JUST FINE WITH CAROLINE

A Cold River Novel

Annie England Noblin

From the author of Sit! Stay! Speak! comes a tender, terrific novel complete with long-buried secrets, a three-legged pot belly pig, and an irresistible dog—an unforgettable story about love, friendship, and community. Perfect for fans of Mary Kay Andrews and Mary Alice Monroe.

Caroline O’Connor never dreamed she’d be back home in Cold River, Missouri, the Ozark Mountain town where everyone is ‘up your business.’…they mean well as they drive you crazy. She thought she’d left town for good, but now she’s back, helping to care for her New York born mother—struck with Alzheimer’s, and prone to saying and doing anything—and her father,

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From the author of Sit! Stay! Speak! comes a tender, terrific novel complete with long-buried secrets, a three-legged pot belly pig, and an irresistible dog—an unforgettable story about love, friendship, and community. Perfect for fans of Mary Kay Andrews and Mary Alice Monroe.

Caroline O’Connor never dreamed she’d be back home in Cold River, Missouri, the Ozark Mountain town where everyone is ‘up your business.’…they mean well as they drive you crazy. She thought she’d left town for good, but now she’s back, helping to care for her New York born mother—struck with Alzheimer’s, and prone to saying and doing anything—and her father, the beloved local doctor frustrated he can’t cure his own wife.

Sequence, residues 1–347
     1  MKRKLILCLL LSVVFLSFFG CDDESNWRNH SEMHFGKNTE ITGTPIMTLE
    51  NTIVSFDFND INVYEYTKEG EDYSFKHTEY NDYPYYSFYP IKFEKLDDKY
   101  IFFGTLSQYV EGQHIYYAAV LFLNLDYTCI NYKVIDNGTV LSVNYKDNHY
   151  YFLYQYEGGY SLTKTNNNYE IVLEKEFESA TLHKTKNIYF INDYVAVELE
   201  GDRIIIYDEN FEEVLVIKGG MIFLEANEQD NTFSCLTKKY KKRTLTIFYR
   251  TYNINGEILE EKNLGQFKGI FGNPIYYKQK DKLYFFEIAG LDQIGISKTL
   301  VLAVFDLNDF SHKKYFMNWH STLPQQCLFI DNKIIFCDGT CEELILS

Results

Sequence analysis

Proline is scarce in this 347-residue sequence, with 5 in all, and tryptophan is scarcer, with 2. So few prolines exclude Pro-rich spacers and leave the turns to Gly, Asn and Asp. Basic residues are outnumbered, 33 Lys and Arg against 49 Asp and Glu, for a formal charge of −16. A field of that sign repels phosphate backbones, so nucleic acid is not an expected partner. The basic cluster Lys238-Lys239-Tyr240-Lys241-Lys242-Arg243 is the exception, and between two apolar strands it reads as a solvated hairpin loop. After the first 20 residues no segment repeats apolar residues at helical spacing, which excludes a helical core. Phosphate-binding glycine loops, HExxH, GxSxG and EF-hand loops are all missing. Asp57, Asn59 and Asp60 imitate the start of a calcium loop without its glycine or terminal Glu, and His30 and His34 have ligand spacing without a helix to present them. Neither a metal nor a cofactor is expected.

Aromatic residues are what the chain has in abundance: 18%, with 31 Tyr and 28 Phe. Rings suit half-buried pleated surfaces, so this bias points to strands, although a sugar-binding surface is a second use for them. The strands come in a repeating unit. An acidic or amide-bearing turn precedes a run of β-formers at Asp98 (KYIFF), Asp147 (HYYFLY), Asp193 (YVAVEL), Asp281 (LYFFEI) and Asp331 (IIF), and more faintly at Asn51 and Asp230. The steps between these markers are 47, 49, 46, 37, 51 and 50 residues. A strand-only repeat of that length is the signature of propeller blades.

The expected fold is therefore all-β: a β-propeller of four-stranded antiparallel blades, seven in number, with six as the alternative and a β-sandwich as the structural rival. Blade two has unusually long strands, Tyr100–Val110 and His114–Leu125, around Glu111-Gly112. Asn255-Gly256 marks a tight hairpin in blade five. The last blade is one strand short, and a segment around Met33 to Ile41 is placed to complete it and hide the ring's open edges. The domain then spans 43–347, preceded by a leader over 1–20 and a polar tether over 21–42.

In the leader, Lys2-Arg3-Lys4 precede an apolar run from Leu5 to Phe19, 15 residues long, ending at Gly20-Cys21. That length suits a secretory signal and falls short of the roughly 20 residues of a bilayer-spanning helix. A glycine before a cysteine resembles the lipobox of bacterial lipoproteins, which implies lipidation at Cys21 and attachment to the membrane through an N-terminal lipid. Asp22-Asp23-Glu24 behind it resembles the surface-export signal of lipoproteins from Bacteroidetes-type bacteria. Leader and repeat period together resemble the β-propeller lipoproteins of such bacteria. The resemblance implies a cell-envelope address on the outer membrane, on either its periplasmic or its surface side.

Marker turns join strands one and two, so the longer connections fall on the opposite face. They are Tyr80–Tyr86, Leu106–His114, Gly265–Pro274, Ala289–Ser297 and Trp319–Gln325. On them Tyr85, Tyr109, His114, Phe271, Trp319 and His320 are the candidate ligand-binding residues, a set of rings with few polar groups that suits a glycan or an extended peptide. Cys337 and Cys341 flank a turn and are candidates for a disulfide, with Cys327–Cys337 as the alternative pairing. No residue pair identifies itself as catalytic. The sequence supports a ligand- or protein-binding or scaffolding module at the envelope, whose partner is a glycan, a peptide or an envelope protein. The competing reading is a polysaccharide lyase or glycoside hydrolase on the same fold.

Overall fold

As for Caroline, she’s doing “just fine’” coping with her parents, her brazen cousin Ava Dawn’s marital disasters, her mostly-deaf dog…and with Noah Cranwell, far-flung relative of a local family mostly infamous for running moonshine, an ex-veteran who’s come to Cold River with troubles of his own.

Caroline believes she knows everything about Cold River and the people who live in its hills and hollers…but sometimes life’s greatest surprises happen closest to home.

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  • William Morrow Paperbacks
  • Paperback
  • October 2016
  • 368 Pages
  • 9780062465627

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About Annie England Noblin

Annie England Noblin lives with her son, husband, and three dogs in the Missouri Ozarks. She graduated with an M.A. in creative writing from Missouri State University and currently teaches English and communications for Arkansas State University in Mountain Home, Arkansas. She spends her free time playing make-believe, feeding stray cats, and working with animal shelters across the country to save homeless dogs.

Essay

Found (or, How a Tiny French Bulldog Saved My Life)

I’d been in bed for a month. I got up occasionally to take the dogs out and to grab a Dr Pepper from the refrigerator, but for the most part I stayed under the covers watching reruns of Gilmore Girls and nursing a broken heart.

It was 2007, and I was twenty-five years old. My whole life, it seemed, had been turned completely upside down. I’d moved back home in January to take a job as the part-time writing specialist at Missouri State University–West Plains. The position allowed me to work with students on their writing during the day and teach developmental English classes at night, an arrangement that I loved. The university had given me the job temporarily until I finished my master’s degree. However, when I applied for the full-time job that summer, I wasn’t even given an interview. My boss in academic support called me in to her office, told me they’d hired someone else, and said that I needed to clean out my desk and make myself available to train my replacement.